Whether You'll prefer The Boatman's Call (Mute) to previous albums by Nick Cave and the Bad Seeds can be ascertained by choosing between these two lyrical excerpts. 1) "It's good to hear you're doing so well/ But really can't you find some- body else that you can ring and tell?" and 2) "The carnival drums all mad in the air / Grim reapers and skeletons and a missionary bell." Both are from the new album, but while the latter is a handy two-line digest of Cave's entire previous oeuvre, the former is more representative of his latest work. At last, Cave is dissecting his own doomed relationships, instead of butchering doomed women.

In the Albert Hall on Monday, he was less willing to wear his heart on the sleeve of his tight black suit. The Bad Seeds opened with two lugubrious hymns from The Boatman's Call, "Far From Me" and "Lime Tree Arbour". But Cave was swaying, tense, pushing the music forward, and he seemed relieved when he could turn on the histrionics for one of his older, fervid, voodoo- blues songs, "Red Right Hand".

This clash of tones didn't make for a bad show, exactly, because The Bad Seeds are incapable of such a thing. The suave and sinister, gangstersuited band are masters of simple, relentless backing music, shot through with the screeches of a fire-and-brimstone violinist who is an even bigger ham than Cave. "The Mercy Seat", one continuous crescendo, is as hair- raising as pop gets.

But overall Cave wasn't sure of what he was doing, and the concert was a structureless succession of songs. Caught between the devil and the deep blue ballad, he never struck a satisfactory balance between old material and new, or between the genial, down-to-Earth cabaret man he is when introducing songs and the Satanic majesty he is when performing them.

Particularly telling was "Where the Wild Roses Grow", the chilling murder ballad on which Cave dueted with Kylie Minogue. In the merciful absence of La Minogue, her role was played by Blixa Bargeld, the Bad Seeds' vampiric guitarist. As Cave camped up such lines as, "She was more beautiful than any woman I'd seen", the song was reduced to a pantomime joke. Here was a man ranging around for the appropriate tone, not realising that, having sat at the piano and sung "Into My Arms" he need not have looked any further.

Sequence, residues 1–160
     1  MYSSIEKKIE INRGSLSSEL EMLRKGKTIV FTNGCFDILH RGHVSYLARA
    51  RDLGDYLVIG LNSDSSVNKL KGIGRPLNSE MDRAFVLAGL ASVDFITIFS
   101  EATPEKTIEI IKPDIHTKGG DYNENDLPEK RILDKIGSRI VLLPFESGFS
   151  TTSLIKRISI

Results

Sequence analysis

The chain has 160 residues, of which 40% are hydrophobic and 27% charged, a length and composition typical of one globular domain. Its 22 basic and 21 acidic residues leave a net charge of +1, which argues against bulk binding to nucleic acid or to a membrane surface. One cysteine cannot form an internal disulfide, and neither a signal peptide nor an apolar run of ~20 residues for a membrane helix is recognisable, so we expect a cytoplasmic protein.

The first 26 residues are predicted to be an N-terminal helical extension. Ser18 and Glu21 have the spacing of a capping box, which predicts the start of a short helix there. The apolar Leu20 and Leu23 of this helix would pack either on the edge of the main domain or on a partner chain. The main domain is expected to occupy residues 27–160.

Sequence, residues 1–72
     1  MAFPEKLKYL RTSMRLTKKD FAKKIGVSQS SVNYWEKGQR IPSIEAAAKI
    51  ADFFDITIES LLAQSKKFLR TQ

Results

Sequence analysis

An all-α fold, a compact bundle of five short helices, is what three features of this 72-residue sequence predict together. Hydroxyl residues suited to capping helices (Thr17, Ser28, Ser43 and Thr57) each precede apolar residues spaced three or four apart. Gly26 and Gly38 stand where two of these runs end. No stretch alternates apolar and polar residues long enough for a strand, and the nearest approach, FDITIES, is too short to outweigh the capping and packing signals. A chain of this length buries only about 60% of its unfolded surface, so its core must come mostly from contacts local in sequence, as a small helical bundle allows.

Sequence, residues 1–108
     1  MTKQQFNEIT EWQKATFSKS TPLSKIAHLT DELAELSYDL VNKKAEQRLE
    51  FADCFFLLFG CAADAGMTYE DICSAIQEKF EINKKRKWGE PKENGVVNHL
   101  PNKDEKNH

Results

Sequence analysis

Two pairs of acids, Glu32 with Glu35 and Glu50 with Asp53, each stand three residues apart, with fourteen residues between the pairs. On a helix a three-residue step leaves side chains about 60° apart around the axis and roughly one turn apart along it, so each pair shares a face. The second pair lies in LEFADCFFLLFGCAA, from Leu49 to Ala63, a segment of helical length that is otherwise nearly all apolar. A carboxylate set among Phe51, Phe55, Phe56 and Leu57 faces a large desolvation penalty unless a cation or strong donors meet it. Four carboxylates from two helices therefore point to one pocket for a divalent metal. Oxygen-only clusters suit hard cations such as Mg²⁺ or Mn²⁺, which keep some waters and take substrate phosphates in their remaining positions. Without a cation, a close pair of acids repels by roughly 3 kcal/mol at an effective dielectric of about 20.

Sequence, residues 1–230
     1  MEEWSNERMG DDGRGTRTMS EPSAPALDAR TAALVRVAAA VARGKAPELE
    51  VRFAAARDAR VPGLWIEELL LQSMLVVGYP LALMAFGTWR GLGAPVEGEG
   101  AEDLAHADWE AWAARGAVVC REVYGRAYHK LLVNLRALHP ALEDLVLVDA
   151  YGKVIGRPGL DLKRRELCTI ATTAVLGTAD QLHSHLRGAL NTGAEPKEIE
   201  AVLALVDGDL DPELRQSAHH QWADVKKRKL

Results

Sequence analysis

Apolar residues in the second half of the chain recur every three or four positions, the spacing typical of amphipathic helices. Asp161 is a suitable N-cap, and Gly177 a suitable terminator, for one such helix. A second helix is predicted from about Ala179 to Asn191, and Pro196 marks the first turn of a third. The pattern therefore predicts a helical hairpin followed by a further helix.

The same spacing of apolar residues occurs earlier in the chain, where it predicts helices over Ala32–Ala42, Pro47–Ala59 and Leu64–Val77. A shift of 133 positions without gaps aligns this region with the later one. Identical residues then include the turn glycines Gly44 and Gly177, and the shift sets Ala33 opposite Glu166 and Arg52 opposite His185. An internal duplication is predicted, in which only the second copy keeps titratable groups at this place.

Of course, there are risks attendant on using your songs to post-mortem your relationships, the biggest one being the risk of unfashionability. Since Alanis Morissette's Jagged Little Pill, there has been a backlash against young women who prefer to bare their souls than their bodies: it's all right for the blokes to dish up boorish gibberish, but it's boring for women to write lyrics that are deeply felt and smart.

It's time for a backlash against the backlash. There is room for plenty more of Ani DiFranco's bilious folk-punk and Patti Rothberg's Dylan-ish busking. And Fiona Apple is a welcome recruit to the ranks of Angry Young Women Who Wear Black Nail Varnish. On her frighteningly accomplished debut album, Tidal (Sony), the New Yorker (yes, Apple is from the Big Apple) leans away from Alanis's sweaty rock and towards the piano'n'poetry of Suzanne Vega and Tori Amos. Some of that poetry is overwritten and teenaged - "But then he rose, brilliant as the moon in full / And sank in the burrows of my keep" - but that's probably because Apple is a teenager.

The trouble starts when the immaturity that leaks into the 19-year-old's album threatens to flood her show at the Shepherd's Bush Empire on Tuesday. Between songs, she was the queen of psychobabble, telling us what it was like to have no friends at school because you're, like, too deep and individualistic: "You don't even feel that you're far away from everybody, 'cause you're, like, far away from yourself." It hasn't occurred to her that maybe nobody liked her because she was an unbearable poseur who chose to use her middle name as her surname, even though it made her sound like a cartoon character invented by the Dental Hygiene Board. The next time you're arguing that Americans have no sense of irony and your opponent says, "Yeah, what about Frasier?", you can reply, "Yeah, what about Fiona Apple?" and the debate will be over.

In other words, the faults that people wrongly ascribe to Morissette, Apple has in abundance. On those songs when she stood at the microphone instead of hunching over the Yamaha grand, she insisted on biting her fingers or draping her hands over her face, or grimacing, as if this soulful rock were the most cathartic, transporting music ever to touch human ears.

It isn't, but it's very good, nonetheless: rich, lush, rounded and intelligent, ranging from the smouldering, jazzy "Slow Like Honey" - as sensuous as its title - to "Sleep to Dream", a gutsy, flint-hard rebuke. "Shadowboxer" is a classic of the female-singer-songwriter genre - and there are plenty more where that came from.

Apple's precious, immature attitude is belied by a mature voice of such force that one can scarcely believe it emits from the body of a waif. And her Californian session musicians are much more subtle than Morissette's one-dimensional rock dudes (they don't actually say they're from California, but the (white) drummer has dreadlocks, the bassist has a goatee, and the guitarist wears goggles and a see-through T-shirt, so I think we can safely assume). It helps, too, that when Apple is not striking Little Girl Damaged poses, she is as strikingly gorgeous - and as worryingly thin - as a French model: huge, pale eyes, pneumatic lips, perfect cheekbones, brown hair reaching halfway down her narrow back, a navel ring jutting from a concave stomach. To summarise, then: sounds great, looks great, talks crap.